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As we get older, even if “older” isn’t actually “old,” you slowly become aware that the stakes are higher. You’ve either started to get where you hoped you’d be in your career, or in a relationship—or, if you’re lucky, both—or you haven’t. You might have something to lose. From there, for me at least, being in my own brain can feel like a dark choose-your-own-adventure story where every outcome leads to disappointment: How will I blow it? When will I blow it? What will happen when I blow it?

And if you haven’t gotten where your younger self thought you’d be by the time you were an actual adult, you’re plagued with a different set of questions: Why not? What could I have done differently? Either way, you have an awareness of consequences that most adolescents don’t fully comprehend.

None of this is news. I’m sure people have felt these same pangs for as long as cavemen started living beyond 30. But when you’re the one realizing it, it feels very new. It’s a surprise when it happens.

For example, the other day, I was talking to a friend who’s 28 and planning his wedding. I asked him how he was, and he looked at me and shook his head.

“I’m stressed,” he said. “I have to figure out how to pay for the wedding, I just got a medical bill that was wrong, I have a huge presentation to prepare for…” He trailed off. “It’s real-life shit. It’s adult stuff.”

He looked puzzled after he said that. It’s like he was thinking, “How has this happened to me?”

Being a teenager can be brutal. It’s plagued with arguably more doubt and insecurity than any other time in your life. But what Adele—and I, and many of my friends—are suddenly aware of missing is the possibility, the lack of responsibility, and the excitement that comes with being too young to know better, or to care. When you were stupid enough to do things like get drunk and shoot fireworks out of a car window on the Fourth of July (hypothetically).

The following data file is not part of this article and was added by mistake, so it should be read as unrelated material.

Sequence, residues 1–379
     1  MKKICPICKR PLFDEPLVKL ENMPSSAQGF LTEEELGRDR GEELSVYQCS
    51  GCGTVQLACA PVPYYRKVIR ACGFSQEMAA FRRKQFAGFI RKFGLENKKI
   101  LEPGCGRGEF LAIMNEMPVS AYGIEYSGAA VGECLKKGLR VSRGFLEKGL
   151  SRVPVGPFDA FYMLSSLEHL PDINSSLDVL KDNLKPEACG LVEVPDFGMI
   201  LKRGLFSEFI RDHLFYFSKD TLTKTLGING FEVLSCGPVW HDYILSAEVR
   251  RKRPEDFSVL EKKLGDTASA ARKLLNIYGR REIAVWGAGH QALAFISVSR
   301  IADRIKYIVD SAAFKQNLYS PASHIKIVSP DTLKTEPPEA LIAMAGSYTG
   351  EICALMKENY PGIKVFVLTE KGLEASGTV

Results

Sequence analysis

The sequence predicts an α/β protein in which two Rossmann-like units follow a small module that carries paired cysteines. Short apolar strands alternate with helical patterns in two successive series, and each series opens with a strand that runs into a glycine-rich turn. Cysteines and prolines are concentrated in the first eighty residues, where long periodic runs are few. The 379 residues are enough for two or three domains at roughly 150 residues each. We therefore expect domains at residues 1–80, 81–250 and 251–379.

While we may not feel that same kind of heady excitement that comes with new experiences and the thrill of youthful danger and immediacy, there’s an adult equivalent that comes with settling into yourself.


There was also the feeling that you and your friends were, for the most part, all in it together. You were all on roughly the same page, whereas your trajectories as you get older diverge. Some of my best friends are married, some are single. Some are famous, others are still trying to pick a career. Some have made money, others haven’t. Some are responsible, others are doing things that are the real-life equivalents of shooting fireworks out of moving cars.

I took solace in what my mom said to me a year and a half ago. It made me hopeful that, while we may not feel that same kind of heady excitement that comes with new experiences and the thrill of youthful danger and immediacy, there’s an adult equivalent that comes with settling into yourself.

And while I am still pretty young, I think I’ve caught glimpses of that equivalence—it might not always feel like fireworks, but it’s reaching new depths of friendship, mastering a skill, or realizing you’re capable of a degree of thoughtfulness you didn’t expect. You can still surprise yourself. As we grow up, what we lose in a lack of responsibility, we gain in experience, in answers, and in confidence. The “other side” of childhood that Adele sings about can be filled with love, with wealth, with art. With meaning. It’s less stimulating, maybe, but it can be far more satisfying.

And yet, like Adele, I still sometimes wish that I could, on occasion, pick up my flip phone and answer nostalgia’s call from the other side.